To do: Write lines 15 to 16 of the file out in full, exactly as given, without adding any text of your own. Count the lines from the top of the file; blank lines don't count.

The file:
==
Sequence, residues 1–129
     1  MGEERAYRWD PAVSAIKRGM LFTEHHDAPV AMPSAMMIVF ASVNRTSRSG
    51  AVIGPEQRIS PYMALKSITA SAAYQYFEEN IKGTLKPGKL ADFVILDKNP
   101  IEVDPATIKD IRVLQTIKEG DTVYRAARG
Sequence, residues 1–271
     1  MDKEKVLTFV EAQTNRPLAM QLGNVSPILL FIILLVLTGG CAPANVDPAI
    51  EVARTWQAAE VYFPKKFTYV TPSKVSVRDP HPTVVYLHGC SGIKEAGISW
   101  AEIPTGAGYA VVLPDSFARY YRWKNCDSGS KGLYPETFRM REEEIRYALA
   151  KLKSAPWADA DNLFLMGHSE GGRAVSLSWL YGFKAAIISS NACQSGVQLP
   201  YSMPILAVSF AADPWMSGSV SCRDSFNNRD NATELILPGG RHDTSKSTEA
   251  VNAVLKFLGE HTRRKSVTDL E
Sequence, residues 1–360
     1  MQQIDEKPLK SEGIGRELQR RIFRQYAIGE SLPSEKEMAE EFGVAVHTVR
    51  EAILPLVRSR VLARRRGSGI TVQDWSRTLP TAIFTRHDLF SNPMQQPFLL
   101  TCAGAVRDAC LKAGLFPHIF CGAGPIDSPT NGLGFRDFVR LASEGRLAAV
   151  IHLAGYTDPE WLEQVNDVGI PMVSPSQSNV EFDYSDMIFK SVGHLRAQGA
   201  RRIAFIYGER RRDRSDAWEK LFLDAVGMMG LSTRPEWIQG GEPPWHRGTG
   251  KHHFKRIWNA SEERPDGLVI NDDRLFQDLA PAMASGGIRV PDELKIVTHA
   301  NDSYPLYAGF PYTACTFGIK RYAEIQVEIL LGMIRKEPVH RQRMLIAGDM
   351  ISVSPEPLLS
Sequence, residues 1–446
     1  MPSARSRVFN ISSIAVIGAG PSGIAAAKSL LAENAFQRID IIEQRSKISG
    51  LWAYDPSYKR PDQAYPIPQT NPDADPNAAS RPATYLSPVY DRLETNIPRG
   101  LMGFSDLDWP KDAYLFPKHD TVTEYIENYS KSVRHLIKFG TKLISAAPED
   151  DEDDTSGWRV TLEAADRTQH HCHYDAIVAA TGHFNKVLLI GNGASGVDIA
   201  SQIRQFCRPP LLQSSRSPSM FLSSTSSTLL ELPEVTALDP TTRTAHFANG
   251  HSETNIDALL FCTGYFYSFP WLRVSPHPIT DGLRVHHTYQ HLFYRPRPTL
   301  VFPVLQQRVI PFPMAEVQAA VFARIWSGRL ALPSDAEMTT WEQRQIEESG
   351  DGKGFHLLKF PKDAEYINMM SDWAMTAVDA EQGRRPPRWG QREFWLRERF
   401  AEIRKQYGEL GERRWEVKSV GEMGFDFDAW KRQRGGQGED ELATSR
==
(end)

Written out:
   101  TCAGAVRDAC LKAGLFPHIF CGAGPIDSPT NGLGFRDFVR LASEGRLAAV
   151  IHLAGYTDPE WLEQVNDVGI PMVSPSQSNV EFDYSDMIFK SVGHLRAQGA